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One Giant Leap For Space Enterprise


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ONE GIANT LEAP FOR SPACE ENTERPRISE

It's an ugly bug mf a rocket: squat like a pyramid, with spindly legs that extend from the base so it can land butt-first. Only a one-third-scale demo, it can't even reach orbit.

In many ways, the Delta Clipper Experimental 1 is quite a comedown from the thunderous Saturn V rocket that launched Apollo 11 astronauts toward the first moon landing 25 years ago. To critics, the puny "DC-X" epitomizes how low the U.S. space effort has sunk since the euphoria surrounding the Tranquility Base landing on July 20, 1969, a time that President Nixon called "the greatest week in the history of the world since the creation."

FLYING WEDGE. Yet the humble prototype has plenty of boosters. Built by McDonnell Douglas Corp. and 11 other companies with a modest $60 million in Star Wars funding from the Defense Dept.'s Ballistic Missile Defense Organization (BMDO), the DC-X could be the forerunner of reusable rockets that make space exploration a lot safer--and cheaper. Says Air Force Lt. Col. Jess M. Sponable, who oversaw the project: "Within a decade or two, you'll see the beginnings of commercial space transportation that will knock your socks off."

The DC-X is only one possibility for a reusable launcher (table). It takes off and lands vertically, with throttled-down rockets firing to slow the descent. Lockheed Corp.'s flying wedge would take off vertically but glide in for a landing like the space shuttle. Boeing Co. has proposed a stubby-winged vehicle that would take off from the belly of a supersonic transport. Promoters say the vehicles could deliver cargo to space for less than a tenth the price per pound of the shuttle. Nothing is discarded in flight, and there's no need for an army-size ground crew to spend weeks or months preparing them for the next launch.

For now, conventional "expendable" rockets with stages that drop off are still very much in the space race. The small Pegasus rocket made by Sterling (Va.)-based Orbital Sciences Corp., which is launched from a plane, is the vehicle of choice for payloads up to 1,000 pounds. Less expensive some day could be intercontinental ballistic missiles (IBMS) converted for civilian payloads.

Lowering the cost of space flight is crucial to commercializing space. Low-cost launch capacity would propel satellite phone services, such as the Teledesic network backed by William H. Gates III and Craig O. McCaw. Manufacture of materials and drugs in near-zero gravity could blossom. Cheap rockets would also assist the U.S. in recapturing market share in the commercial launch business, which has dwindled to around 30% from nearly 100% in the mid-1970s. Much of the lost business has gone to France, Russia, and China.

Former astronaut Charles "Pete" Conrad Jr. is pursuing the next generation of launchers with fervor. Conrad, a former moon walker who now serves as a vice-president at McDonnell Douglas Aerospace, is flight manager of the DC-X program. Says Conrad: "This is the first thing that got my candle lit since [Apollo]."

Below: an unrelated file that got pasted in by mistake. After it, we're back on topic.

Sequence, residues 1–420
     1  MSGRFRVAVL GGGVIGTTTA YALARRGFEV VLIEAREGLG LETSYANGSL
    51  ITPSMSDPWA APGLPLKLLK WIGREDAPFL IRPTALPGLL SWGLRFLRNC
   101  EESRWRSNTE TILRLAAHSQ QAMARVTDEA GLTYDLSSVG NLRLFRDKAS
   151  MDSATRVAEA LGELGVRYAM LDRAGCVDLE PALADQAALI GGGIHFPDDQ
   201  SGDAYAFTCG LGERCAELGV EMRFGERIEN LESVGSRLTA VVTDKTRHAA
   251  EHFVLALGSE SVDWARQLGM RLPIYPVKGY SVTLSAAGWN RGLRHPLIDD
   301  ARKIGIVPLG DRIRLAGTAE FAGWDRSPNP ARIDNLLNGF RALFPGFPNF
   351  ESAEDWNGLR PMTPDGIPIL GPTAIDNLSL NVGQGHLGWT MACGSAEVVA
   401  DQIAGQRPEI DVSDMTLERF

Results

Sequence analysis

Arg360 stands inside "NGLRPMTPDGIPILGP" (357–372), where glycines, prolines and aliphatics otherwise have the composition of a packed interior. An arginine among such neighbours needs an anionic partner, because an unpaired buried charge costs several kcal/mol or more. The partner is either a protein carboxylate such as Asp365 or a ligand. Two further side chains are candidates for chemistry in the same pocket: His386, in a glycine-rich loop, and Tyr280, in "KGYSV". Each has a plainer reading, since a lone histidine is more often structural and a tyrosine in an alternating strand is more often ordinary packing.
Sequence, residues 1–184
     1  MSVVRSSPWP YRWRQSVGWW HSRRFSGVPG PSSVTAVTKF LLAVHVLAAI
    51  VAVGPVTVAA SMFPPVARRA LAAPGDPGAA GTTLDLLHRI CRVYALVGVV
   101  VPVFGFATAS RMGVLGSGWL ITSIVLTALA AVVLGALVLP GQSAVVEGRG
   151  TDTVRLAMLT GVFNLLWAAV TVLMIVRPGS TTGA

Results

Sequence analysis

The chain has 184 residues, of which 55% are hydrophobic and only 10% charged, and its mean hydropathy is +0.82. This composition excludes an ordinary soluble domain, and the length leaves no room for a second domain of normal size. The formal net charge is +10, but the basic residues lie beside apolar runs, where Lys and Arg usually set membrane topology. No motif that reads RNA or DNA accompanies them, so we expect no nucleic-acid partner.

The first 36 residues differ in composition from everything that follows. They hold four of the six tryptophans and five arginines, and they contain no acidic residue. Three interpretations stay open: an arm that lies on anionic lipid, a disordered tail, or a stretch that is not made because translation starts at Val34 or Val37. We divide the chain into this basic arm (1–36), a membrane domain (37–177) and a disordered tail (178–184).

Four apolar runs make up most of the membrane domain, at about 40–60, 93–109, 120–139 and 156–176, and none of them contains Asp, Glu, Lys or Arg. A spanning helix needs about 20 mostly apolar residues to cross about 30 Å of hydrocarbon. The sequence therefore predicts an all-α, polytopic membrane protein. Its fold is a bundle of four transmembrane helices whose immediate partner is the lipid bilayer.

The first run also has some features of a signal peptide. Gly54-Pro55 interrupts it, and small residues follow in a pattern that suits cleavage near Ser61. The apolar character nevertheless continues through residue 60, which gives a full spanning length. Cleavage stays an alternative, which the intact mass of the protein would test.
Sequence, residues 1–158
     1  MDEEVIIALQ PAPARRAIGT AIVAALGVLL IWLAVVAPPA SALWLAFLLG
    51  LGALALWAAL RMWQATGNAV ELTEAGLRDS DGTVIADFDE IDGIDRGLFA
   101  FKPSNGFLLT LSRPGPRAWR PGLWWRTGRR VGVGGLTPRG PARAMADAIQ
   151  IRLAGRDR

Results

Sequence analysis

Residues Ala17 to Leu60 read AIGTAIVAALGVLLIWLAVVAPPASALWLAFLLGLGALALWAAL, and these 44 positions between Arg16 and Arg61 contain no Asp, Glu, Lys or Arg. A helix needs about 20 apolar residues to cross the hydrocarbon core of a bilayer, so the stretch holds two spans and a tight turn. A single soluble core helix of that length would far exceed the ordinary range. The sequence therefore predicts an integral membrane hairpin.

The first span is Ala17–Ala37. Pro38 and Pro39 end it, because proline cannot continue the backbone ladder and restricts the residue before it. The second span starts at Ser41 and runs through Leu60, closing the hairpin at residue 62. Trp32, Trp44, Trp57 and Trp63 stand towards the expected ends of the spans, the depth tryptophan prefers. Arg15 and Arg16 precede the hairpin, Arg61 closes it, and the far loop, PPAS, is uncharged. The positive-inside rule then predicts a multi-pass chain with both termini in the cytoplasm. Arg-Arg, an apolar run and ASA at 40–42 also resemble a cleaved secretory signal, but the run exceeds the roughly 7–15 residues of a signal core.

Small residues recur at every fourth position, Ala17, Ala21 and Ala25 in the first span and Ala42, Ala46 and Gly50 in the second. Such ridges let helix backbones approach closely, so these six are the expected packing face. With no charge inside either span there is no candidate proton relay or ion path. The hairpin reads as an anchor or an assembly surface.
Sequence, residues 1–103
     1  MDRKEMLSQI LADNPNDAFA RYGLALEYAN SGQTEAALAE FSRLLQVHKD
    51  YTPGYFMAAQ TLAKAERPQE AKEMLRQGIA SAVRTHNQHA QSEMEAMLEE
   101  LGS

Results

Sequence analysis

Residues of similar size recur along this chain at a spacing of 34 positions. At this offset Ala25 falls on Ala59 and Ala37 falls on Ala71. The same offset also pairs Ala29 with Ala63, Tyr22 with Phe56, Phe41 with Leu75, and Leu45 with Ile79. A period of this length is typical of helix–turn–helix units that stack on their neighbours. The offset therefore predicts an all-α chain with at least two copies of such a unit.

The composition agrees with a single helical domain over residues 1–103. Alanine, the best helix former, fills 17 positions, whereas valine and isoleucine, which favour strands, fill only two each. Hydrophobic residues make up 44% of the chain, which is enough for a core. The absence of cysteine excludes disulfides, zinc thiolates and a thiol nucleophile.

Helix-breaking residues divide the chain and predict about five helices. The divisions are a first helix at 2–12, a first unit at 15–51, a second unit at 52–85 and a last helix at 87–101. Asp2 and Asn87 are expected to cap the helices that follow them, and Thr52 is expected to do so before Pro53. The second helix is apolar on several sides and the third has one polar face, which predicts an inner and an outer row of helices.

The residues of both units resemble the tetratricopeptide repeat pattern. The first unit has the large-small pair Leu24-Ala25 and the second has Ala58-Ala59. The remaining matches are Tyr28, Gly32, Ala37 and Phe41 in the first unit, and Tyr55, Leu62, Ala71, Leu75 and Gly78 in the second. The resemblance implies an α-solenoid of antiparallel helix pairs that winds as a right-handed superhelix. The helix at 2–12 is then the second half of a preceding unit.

With adventure, though, comes risk: On June 27, a hydrogen explosion near the launch pad ripped a 15-foot hole in the 42-foot-tall DC-X just as it was blasting off at White Sands Missile Range in New Mexico. The flight crew managed to land the rocket about 800 feet away on an unprepared patch of desert. The explosion has delayed further test launches, but it provided designers with some important data about the

DC-X's ability to abort a liftoff without exploding. Says Sponable: "You learn as much from a failure as from success."

SENTIMENTAL JOURNEY? Later this year, responsibility for the DC-X will be transferred from the Star Wars team of BMDO to NASA, which will use the rocket as a flying laboratory to test materials and devices for use in a future reusable launcher. NASA Administrator Daniel S. Goldin says the DC-X "is one of the most imaginative things America has come up with."

The homely rocket faces fierce competition from rival designs. But it has tapped into a yearning that endures a quarter-century after those first steps on the moon. A sentimental journey? You bet. But says Conrad, who commanded Apollo 12: "Space shouldn't be an emotional thing. We need to make it just another place where we do normal work." In that sense, the DC-X may be just the ticket--back to the future.

SPACE RIDES,

ECONOMY CLASS

Reusable launch vehicles that could slash NASA's $10,000-per-pound cost of payloads.

BOEING

A space plane launched from the belly of a 747-size supersonic transport. The space plane would land horizontally.

COULD BE READY BY 2002

PROJECTED PAYLOAD COST $500 TO $600 PER POUND

LOCKHEED,

ROCKETDYNE

A wedge-shaped spacecraft that would launch vertically but land like an airplane.

COULD BE READY BY 2008

PROJECTED PAYLOAD COST $500 PER POUND

McDONNELL DOUGLAS,

PRATT & WHITNEY, 10 OTHERS

A pyramid-shaped rocket that would blast off and land

vertically.

COULD BE READY BY 2002

PROJECTED PAYLOAD COST $400 PER POUNDPeter Coy in New York, with Otis Port in New York and John Carey in Washington


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